I had to stifle a tear as I watched Mahathir being sworn in as Prime Minister. A day later he named a woman as his Deputy – the first woman to hold this office. She is Dr. Wan Azizah, Anwar’s wife, who held the political mantle during his years in jail. Mahathir named a Chinese man, Lim Guan Eng, as his new Finance Minister, the first time in 44 years that a non-Malay was named to this post. It was something I never imagined seeing again. The fact that the appointment was made by Mahathir, a man who had once called us names and who had put Lim in jail, made the moment especially poignant.

The challenges facing Malaysia are immense, not least in the repairs that must be made to our institutions. It’s up to Malaysians to hold this new government to account, ensure that requisite checks and balances are put in place. This must be done quickly, for the powers of state are tempting.

There will be Malaysians reading the paragraphs above who will say, ‘But Dr. Wan Azizah, she…’ – for there’s already plenty of criticism of the new government, much of it justified. There’s little doubt that political development will take time: there’s so much to be done. But there’s also no question of the change that has taken place. It’s a change both of government and in mindset, crucial if we are to move forward as a nation. For the first time in years I felt welcome in my own country. I was perceived as Malaysian, not a Chinese interloper or ‘newcomer’. This gives me hope, something I did not have before.

On this Merdeka (Independence) Day, we Malaysians should hold our heads high. Let’s reach out to one another and remember that nothing is impossible. We can and will build the country we want.

Anwar Ibrahim is now a free man, and it was Mahathir who secured him a royal pardon. But it was we, the people, who put them both where they are today. In acknowledging his debt to the millions of Malaysians who voted for the opposition, Anwar gave voice to the thoughts and feelings of an entire nation.

I will never forget until the end of my days.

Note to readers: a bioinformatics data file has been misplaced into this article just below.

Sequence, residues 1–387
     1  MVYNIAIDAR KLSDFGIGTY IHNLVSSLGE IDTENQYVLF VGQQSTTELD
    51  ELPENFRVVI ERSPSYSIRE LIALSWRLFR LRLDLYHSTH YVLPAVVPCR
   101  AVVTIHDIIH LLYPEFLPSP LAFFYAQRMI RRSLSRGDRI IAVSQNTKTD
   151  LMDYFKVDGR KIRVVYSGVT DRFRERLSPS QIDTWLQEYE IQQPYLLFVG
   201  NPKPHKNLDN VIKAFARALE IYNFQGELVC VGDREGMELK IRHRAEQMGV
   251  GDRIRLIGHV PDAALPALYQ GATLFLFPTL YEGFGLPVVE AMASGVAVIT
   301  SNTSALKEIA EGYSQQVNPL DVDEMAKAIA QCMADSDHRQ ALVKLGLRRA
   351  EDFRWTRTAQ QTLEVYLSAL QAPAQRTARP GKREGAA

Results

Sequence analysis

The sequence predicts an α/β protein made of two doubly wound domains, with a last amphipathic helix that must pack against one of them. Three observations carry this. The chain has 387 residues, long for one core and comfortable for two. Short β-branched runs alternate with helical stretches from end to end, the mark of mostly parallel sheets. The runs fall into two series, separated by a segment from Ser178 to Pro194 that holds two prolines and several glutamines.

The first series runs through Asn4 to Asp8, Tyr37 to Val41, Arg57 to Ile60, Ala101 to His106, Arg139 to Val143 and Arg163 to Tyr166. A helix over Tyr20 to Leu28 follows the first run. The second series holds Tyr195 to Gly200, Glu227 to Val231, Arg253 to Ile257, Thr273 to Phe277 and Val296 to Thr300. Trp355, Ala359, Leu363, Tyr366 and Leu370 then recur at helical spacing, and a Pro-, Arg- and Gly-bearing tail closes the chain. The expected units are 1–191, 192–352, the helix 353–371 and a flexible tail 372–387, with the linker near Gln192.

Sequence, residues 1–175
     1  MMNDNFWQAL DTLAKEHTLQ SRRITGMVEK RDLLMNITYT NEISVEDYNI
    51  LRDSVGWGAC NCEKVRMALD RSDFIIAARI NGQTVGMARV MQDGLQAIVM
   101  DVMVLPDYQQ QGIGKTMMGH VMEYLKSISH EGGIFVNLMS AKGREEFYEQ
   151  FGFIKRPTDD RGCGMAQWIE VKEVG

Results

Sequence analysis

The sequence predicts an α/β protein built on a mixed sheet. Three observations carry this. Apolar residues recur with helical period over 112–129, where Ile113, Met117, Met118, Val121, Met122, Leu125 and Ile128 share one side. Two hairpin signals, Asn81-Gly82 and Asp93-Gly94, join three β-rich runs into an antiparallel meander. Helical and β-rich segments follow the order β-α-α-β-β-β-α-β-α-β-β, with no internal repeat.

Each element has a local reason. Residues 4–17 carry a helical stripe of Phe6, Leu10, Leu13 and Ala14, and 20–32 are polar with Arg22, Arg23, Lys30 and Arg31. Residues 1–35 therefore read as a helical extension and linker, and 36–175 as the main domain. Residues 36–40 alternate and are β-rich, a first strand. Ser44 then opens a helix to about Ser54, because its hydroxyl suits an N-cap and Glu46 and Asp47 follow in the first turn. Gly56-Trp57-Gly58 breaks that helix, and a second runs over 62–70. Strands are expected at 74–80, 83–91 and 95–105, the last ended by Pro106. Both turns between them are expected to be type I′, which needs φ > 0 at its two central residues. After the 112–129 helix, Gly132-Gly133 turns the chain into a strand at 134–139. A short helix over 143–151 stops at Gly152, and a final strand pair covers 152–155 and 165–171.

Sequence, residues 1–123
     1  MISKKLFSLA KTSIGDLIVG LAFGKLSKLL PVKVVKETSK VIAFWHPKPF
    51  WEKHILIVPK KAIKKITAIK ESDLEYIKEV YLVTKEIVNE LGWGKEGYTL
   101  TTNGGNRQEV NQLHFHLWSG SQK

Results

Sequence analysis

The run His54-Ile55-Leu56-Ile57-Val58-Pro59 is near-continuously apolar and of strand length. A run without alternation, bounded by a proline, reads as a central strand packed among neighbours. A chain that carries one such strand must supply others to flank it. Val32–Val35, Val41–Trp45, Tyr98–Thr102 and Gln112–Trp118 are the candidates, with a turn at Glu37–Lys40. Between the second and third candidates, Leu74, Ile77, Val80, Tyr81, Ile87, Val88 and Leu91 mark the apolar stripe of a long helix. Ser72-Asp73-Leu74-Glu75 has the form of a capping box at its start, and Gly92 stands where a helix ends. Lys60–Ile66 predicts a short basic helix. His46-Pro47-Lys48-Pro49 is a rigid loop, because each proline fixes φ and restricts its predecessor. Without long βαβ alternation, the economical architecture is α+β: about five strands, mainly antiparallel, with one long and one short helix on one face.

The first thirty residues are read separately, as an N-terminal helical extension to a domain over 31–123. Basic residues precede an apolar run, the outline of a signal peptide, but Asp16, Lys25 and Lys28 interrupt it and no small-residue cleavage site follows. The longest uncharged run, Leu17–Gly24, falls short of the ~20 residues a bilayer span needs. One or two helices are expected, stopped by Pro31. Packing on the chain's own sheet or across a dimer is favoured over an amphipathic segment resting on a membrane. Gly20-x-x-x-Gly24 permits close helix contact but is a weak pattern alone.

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Power, Remorse & Redemption Act II: The Malay Dilemma, 1970

I first heard of Dr. Mahathir in 1973 from Malaysian newspapers. He had published a controversial non-fiction book, The Malay Dilemma, which contained racial stereotyping so inflammatory that it was immediately banned. Even when he was a rising political star, the book remained banned in Malaysia. Newspapers, however, were free to quote snippets. Through these I learnt that I, a Malaysian citizen, was merely a ‘guest’ (the word the paper deployed) in Malaysia. I had thought of Malaysia as home; now I found out I was able to live there only because the Malays ‘consent to this’.

I was upset, of course, and confused at the same time. I began reading newspapers avidly, which only cemented my burgeoning sense of exclusion. The newspapers told me that Malaysians were not created equal. There is a breed of Malaysian who deserves ‘special’ rights, not by dint of merit or economic need but because their ancestors supposedly arrived before mine.

The logic is so spurious that a new term had to be invented: bumiputera, a Malay compound word made up of bumi, earth, and putera or prince(s). Taken together, they become ‘prince(s) of the earth’ (or ‘sons of the soil’). The special rights accorded to this superior Malaysian, the bumiputera, span an eye-watering gamut. They include:

  • Reserved universities – and I don’t mean university places, but entire universities;
  • Discounted prices and reserved allocations in new housing developments;
  • Entitlement to 30% of the equity of any publicly listed company in Malaysia.

When you grow up within a system, you become inured to its inequities; it takes leaving Malaysia before many Malaysians realise that a form of apartheid is practised there. The seeds for its rationale were planted by none other than Dr. Mahathir Mohamad in his book, The Malay Dilemma. Full of half-baked social theories and sweeping racial generalisations, the work would have been amusing, had rafts of laws not arisen from its crucible.

Malays, apparently, are ‘tolerant and easy-going’ while non-Malays, especially the Chinese, are ‘materialistic, aggressive and have an appetite for work’. We also have ‘unlimited acquisitiveness’. These differences, according to Mahathir, explained the glaring economic and educational disparities which existed in 1970 between Malaysia’s Malays and ethnic Chinese.